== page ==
Scars, Bars and Blues

–A Time Of Sleet and Snow

It was early 1972 and February had turned brutally cold with snow covering the Interstate.  The hours passed on the lonely drive as I went from interstate to two-lane blacktop to a small dirt road near Boone, North Carolina.  The landscape was buried under ice and snow and with dusk falling, I slowed down and drove with caution.  According to my map, I was about ten miles from the farm that I was looking forward to spending some time at after many years of playing music on the road.  For me, it would be a time of healing.

The wind was blinding, and my old 69 Ford Econoline Van was not made for dirt roads and snow, so I was taking it slow.  The heater was struggling to keep the ice off the windshield, so it was icing over badly.  I was still several miles from the farm when I realized the snow was too deep to drive through and the windshield had finally iced over.

I pulled over as close to the ditch as I could, putting the Van in park, and dug through my trunk for the winter clothing I brought.  Fortunately, while shopping for an old barn coat at the thrift store, I also found some snow boots.  I grabbed some trail mix, my gloves, and off I went into the night.

The cold was like a living thing, strong and at times frightening.  It drained your energy making a short few miles seemed like a trek to the North Pole.

I found myself looking down, walking slower while the wind found any place it could to get past my attempt at weatherproofing myself.  The snow came down harder and the wind was so robust that my face felt frozen.

The road narrowed and was lined with tall pines that swayed as the wind grew even more furious; the limbs started cracking with a noise like a loud thunderclap and the limbs crashed to the ground all around me.  I dug into that waning reserve of strength and broke into a slow run toward a plank bridge.  I could hear a dog barking in the distance and what looked like a lantern swinging side to side.  While I was focused on the sound knowing they had a hound dog on the farm I hit a patch of slick ice and went sliding across the bridge over the side and landed on the frozen creek knocking the breath out of me.

I passed out for a moment but through the darkness, I could hear Henry calling my name and his hound dog barking.  As I was fading out again the hound dog came sliding across the ice and came to a stop beside me.  Henry said to grab his harness and he would pull me to the bank.   Henry reached out a hand as I neared the bank and pulled me up.

He had a thermos of hot coffee with a big smile he poured me a big cup, and we headed back to his farmhouse which was less than a quarter-mile from the bridge.  His house was a wood plank house with a big front porch and a big oak door that opened to a main room. Tucked into one corner was a wood-burning railroad pot-bellied stove.  The heat was wonderful, and Henry brought blankets for me to wrap up in.  Henry smiled and said welcome to the farm.

I had been on the road playing music for several years and the scars from that lifestyle were deep and painful.  I came here to this farm away from the lights, the Bourbon, and the loud music to heal those scars and get past being tired and the burnout that the road can gift us with.  I needed a quiet place to lay my head.  I came here to find a better day.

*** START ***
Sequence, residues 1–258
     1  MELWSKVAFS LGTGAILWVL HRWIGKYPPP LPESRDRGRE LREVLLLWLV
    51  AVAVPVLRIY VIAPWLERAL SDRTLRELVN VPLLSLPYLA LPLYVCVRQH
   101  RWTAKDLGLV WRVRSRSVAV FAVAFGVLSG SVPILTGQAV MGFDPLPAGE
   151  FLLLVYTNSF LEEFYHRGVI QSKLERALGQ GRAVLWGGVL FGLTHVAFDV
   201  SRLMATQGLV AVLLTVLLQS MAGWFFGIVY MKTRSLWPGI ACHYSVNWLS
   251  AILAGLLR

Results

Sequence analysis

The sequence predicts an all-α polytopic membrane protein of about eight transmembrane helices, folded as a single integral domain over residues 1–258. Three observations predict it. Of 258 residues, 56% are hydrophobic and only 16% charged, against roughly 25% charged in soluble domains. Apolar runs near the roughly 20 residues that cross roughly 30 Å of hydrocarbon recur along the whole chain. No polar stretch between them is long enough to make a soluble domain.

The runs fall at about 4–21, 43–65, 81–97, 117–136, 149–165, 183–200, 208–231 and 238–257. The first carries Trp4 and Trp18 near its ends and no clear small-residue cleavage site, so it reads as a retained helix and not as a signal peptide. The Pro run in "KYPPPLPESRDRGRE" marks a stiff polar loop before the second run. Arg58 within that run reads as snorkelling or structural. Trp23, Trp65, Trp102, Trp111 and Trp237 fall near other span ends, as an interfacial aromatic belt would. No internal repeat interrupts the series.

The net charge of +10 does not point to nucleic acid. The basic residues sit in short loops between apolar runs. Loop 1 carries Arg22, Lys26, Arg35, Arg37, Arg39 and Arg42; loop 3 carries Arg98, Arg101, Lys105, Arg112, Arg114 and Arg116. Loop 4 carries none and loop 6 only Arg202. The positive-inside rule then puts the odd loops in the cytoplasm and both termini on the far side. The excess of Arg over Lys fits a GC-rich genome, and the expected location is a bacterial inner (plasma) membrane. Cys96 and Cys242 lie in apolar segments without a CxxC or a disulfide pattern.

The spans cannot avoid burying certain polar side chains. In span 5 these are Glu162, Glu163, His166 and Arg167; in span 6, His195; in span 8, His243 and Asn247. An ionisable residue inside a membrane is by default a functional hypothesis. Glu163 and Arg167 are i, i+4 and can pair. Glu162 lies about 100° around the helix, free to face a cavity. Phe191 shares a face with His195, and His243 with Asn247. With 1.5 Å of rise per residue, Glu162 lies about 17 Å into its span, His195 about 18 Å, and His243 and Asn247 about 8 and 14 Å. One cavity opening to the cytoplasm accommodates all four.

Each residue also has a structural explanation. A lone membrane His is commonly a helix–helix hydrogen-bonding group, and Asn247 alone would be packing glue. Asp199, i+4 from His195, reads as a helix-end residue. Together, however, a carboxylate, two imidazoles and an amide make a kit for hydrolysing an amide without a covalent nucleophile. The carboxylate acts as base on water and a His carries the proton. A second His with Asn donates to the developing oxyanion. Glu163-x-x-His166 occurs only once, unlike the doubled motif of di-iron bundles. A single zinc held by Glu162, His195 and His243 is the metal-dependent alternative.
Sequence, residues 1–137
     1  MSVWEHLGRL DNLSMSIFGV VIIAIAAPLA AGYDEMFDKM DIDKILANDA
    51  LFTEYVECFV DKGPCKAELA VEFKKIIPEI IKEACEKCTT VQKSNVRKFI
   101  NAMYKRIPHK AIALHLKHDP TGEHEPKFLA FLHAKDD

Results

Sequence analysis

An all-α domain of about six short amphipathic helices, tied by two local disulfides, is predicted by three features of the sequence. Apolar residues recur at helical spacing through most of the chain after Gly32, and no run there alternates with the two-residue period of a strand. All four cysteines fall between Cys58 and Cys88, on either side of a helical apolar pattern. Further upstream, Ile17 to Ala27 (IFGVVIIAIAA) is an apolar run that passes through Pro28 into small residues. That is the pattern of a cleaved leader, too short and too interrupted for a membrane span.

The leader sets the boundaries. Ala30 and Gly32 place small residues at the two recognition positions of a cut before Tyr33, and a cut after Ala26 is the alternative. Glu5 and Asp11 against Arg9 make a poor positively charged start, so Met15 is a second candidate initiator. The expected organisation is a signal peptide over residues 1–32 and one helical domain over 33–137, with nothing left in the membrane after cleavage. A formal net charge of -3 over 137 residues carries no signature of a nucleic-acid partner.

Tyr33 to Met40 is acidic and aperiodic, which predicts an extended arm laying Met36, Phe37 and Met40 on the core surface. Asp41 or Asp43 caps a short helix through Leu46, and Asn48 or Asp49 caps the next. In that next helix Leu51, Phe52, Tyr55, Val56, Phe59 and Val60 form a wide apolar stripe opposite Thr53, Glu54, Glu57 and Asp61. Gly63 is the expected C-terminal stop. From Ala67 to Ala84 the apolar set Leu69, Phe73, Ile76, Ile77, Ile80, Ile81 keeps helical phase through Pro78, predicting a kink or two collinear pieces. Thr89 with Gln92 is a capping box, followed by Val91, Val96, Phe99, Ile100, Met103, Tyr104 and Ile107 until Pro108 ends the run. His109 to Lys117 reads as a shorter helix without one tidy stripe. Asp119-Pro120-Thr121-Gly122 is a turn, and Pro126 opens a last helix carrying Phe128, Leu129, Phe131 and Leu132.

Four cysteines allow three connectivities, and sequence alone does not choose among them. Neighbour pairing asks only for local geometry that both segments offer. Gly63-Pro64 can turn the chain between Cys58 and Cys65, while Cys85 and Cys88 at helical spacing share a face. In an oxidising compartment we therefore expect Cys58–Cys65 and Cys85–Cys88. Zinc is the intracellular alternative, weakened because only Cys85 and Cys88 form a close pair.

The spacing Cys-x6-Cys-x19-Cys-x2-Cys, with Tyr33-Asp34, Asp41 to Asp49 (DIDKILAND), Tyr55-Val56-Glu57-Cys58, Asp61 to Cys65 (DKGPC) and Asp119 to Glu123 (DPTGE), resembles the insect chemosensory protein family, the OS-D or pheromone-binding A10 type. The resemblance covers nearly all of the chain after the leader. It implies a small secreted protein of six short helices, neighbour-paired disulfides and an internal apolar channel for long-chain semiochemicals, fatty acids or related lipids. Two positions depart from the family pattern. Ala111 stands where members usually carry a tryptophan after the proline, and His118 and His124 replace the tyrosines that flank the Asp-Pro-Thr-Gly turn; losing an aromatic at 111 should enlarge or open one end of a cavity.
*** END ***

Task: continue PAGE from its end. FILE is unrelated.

Coming soon Part Two:  Roosters Crowing and Train Whistles Blowing


Larry Tyler
Larry Tyler
Awaken the possibilities … then unleash them. After 55 years of successful retail management, I have returned to my passion of writing. I write Poetry, Storytelling, and Short Stories. As a child, I grew up on front porch storytelling. I would sit and listen to my Dad and his brothers tell these great stories that were captivating, and I always wanted to hear more. I wanted to experience the things they talked about. I started writing at a young age and reading everything I could get my hands on. At twelve years old I started a storytelling group and several of my friends became writers or poets. At 16 I hopped box cars and worked the tobacco fields, orange groves, picked cotton, and spent many nights around a campfire listing to life stories. Someone once asked me why I wrote. It consumes an amazing amount of time and I assure you it is not going to make me rich. I write so that my children can touch and feel my words telling of the ones that came before us and the stories they told me. These are the chronicles of our family and even though they come from my childhood memories and are deeply rooted in a child’s remembrance at least they may feel what it was like in the time before them and cherish the things the elders left behind. I am a Columnist & Featured Contributor, BIZCATALYST360 and I have The Writers Café, a group on LinkedIn that features Poets, Writers, Artists, Photographers, and Musicians . On Facebook I have two groups and one page; Dirt Road Storytelling, From Abandoned To Rescue Dogs And Cats, and About Life, Love And Living. As writers, it is true that we honestly do not know what we hold within us until we unleash it. When our words inspire others only then will inspiration return to the writer. I will spend my twilight years in search of the next story, the next poem, and the next image. I will take the time to enjoy my Wife, our Dogs, and Cats, and our amazing new home and I will always find the time to walk down a dirt road I truly hope is that I never have to read another book on Leadership, be on a conference call or see another plan o gram as these were the tool for what I did in life and not about who I am.

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